Social infrastructure is the best performing segment among all country income groupings, according to new data from Moody’s that provides insights into the debt performance for infrastructure industry sector. Social infrastructure includes healthcare, education and public (community housing, prisons) facilities. The data also reveals transport and energy infrastructure perform differently in relative terms for depending on country income grouping.
The highest recoveries on infrastructure debt default occurs in Africa, the Middle East and Eastern Europe, according to new data from Moody’s shows which regions of the world have the highest and lowest default rates on infrastructure and other project finance debt investments. Ultimate recovery refers to a loan default for which recoveries have been realized following emergence from default. Emergence from default occurs when overdue interest is repaid or with liquidation or restructuring with no subsequent default or lender being taken out of the deal after repaying the defaulted loan.
Over the past decade, global private investment into infrastructure has amounted to around USD 100-150 billion annually, excluding secondary market transactions.
In 2019, renewables attracted the largest amount of private investment among infrastructure sectors, followed by transport and non-renewable power. Renewables accounted for 40% of total private infrastructure investment in 2019. Meanwhile, private investment in social infrastructure (healthcare, education and public facilities) has declined over the past decade from USD 19 billion in 2010 to USD 3 billion in 2019.
Private infrastructure investment is dominated by high-income countries. In 2019, more than 80% of global private infrastructure investment was in high-income countries, with particularly strong investment in the renewables sector. High-income countries attract more than triple the amount of capital invested in middle- and low-income countries.
While total infrastructure investment with private participation has increased over the past decade, this has been driven by secondary market transactions. Primary market transactions are low and have been declining.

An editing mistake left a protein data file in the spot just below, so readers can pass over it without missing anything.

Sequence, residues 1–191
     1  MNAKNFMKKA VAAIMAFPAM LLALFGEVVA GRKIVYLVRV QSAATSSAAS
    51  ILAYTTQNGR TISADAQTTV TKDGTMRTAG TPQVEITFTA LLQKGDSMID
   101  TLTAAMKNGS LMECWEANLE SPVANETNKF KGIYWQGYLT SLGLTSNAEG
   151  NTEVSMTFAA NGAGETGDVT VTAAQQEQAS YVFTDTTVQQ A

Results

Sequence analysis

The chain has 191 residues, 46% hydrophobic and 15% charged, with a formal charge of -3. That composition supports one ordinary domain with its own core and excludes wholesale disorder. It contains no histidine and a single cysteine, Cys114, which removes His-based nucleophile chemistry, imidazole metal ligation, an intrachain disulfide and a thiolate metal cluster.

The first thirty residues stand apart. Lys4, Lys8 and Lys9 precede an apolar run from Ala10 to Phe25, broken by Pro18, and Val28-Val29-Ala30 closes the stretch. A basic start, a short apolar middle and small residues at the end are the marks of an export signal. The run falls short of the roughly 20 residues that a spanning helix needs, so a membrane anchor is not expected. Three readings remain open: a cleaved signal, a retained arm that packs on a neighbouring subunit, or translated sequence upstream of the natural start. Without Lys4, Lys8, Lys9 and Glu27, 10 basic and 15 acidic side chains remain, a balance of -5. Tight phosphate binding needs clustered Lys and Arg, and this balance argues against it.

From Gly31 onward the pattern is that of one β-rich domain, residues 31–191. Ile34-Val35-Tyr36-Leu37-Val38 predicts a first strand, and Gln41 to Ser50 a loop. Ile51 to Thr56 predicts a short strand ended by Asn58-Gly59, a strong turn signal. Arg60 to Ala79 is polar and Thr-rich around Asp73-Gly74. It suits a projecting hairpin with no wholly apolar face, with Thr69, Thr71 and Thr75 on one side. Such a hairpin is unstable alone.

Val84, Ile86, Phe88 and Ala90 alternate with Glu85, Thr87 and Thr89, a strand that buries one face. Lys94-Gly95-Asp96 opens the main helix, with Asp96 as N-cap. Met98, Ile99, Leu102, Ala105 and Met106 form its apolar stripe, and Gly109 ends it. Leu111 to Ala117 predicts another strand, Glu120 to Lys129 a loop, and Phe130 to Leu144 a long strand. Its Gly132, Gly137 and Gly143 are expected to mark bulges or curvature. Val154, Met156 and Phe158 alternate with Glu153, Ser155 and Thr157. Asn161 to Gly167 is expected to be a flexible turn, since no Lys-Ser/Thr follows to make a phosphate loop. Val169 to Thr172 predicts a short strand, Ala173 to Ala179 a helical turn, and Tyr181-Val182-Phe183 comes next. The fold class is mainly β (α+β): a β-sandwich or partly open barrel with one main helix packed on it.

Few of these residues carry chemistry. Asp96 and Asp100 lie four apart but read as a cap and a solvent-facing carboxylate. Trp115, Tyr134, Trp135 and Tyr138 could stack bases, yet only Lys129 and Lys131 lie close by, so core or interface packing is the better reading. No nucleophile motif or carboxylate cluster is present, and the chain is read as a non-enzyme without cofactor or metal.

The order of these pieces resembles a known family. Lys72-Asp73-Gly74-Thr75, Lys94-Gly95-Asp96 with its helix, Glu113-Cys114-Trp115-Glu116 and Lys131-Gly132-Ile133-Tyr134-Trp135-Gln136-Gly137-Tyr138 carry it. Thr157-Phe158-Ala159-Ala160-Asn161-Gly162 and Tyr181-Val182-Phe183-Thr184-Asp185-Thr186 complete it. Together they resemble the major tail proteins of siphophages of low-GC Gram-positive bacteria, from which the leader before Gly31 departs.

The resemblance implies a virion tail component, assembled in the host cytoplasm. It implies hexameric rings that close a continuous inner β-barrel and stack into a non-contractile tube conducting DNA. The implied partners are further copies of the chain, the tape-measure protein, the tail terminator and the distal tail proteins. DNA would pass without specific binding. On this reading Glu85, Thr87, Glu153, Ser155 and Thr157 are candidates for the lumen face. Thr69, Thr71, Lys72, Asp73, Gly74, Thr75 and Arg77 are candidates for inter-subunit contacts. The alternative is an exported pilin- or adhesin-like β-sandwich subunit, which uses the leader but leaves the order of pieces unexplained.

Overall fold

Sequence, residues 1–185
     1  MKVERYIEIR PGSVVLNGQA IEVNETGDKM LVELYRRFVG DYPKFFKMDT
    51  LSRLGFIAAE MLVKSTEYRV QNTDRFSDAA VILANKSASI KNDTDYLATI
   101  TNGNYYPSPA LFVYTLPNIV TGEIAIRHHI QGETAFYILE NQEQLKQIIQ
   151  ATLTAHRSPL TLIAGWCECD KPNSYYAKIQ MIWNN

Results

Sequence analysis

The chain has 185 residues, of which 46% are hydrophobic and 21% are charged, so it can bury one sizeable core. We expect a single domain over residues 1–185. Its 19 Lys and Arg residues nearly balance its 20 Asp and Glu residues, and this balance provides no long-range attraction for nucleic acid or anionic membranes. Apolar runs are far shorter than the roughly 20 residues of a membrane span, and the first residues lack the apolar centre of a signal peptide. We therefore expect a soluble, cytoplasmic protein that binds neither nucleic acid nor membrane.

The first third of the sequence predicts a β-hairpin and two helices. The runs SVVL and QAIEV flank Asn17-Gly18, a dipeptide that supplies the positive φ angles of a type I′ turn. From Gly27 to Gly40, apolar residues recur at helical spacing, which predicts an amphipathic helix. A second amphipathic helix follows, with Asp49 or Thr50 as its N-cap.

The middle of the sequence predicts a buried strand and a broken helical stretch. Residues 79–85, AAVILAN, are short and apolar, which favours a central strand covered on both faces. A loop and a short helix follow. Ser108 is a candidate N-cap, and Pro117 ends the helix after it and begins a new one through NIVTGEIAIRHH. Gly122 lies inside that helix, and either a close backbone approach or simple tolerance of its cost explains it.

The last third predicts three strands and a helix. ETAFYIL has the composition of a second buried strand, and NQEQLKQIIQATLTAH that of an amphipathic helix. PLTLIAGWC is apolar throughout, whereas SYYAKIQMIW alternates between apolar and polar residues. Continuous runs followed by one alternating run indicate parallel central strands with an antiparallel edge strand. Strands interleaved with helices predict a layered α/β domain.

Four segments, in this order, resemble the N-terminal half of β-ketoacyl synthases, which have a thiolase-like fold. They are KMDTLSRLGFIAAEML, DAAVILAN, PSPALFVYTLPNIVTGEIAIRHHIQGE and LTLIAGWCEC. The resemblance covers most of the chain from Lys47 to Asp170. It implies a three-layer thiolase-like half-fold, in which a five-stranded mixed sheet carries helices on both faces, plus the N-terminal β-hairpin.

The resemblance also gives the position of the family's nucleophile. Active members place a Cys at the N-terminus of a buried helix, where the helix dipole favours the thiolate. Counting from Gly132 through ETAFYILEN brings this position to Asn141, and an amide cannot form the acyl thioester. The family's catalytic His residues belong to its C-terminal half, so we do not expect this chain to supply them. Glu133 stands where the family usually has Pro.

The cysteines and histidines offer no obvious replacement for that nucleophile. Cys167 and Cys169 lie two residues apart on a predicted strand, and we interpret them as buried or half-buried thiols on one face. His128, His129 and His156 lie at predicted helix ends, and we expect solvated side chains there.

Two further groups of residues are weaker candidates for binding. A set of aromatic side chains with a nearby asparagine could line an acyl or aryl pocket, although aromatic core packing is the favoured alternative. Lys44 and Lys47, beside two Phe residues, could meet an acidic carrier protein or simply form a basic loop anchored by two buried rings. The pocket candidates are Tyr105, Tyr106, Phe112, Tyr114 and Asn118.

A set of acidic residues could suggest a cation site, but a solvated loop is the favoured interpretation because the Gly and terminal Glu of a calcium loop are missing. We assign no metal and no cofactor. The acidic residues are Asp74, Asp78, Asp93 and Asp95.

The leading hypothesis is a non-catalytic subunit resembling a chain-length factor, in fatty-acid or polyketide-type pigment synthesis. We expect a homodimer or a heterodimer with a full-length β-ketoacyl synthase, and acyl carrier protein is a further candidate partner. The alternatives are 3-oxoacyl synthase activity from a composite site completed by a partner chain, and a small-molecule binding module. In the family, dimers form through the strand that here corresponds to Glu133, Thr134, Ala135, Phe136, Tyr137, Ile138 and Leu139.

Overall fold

Private investment in social infrastructure has seen a sharp decline over the past decade, driven by the healthcare and social housing sub-sectors. In the transport sector, around half of private investment over the past decade has been in the roads, tunnels and bridges sub-sector.
Europe has seen the largest number of infrastructure transactions with private participation over the past decade, although the average value of these transactions tends to be relatively small compared with other regions.
The value of private investment in PPP infrastructure has gradually declined over the past decade.
Globally, foreign equity in private infrastructure deals amounted to around 12% of total private infrastructure investment over the past decade, with Sub-Saharan Africa having a particularly high reliance on foreign equity.
Sustainable low-carbon private investments have intensified in high-income countries. To strengthen global response to combat climate change, such investments must be accelerated in developing countries.
Private infrastructure investment in low-income countries is almost entirely denominated in foreign currencies, implying a structural foreign exchange risk for investors.
Over the past decade, about three-quarters of private infrastructure investment globally was debt financed, and about a quarter was equity financed.
Infrastructure equities have an attractive risk-return profile providing a competitive alternative to other investment options.
Merchant infrastructure, larger investors and the transport sector have experienced larger declines in returns due to COVID-19.
New insights from the GI Hub’s Infrastructure Monitor and InfraCompass show that a strong enabling environment matters for encouraging more private infrastructure investment, regardless of income level.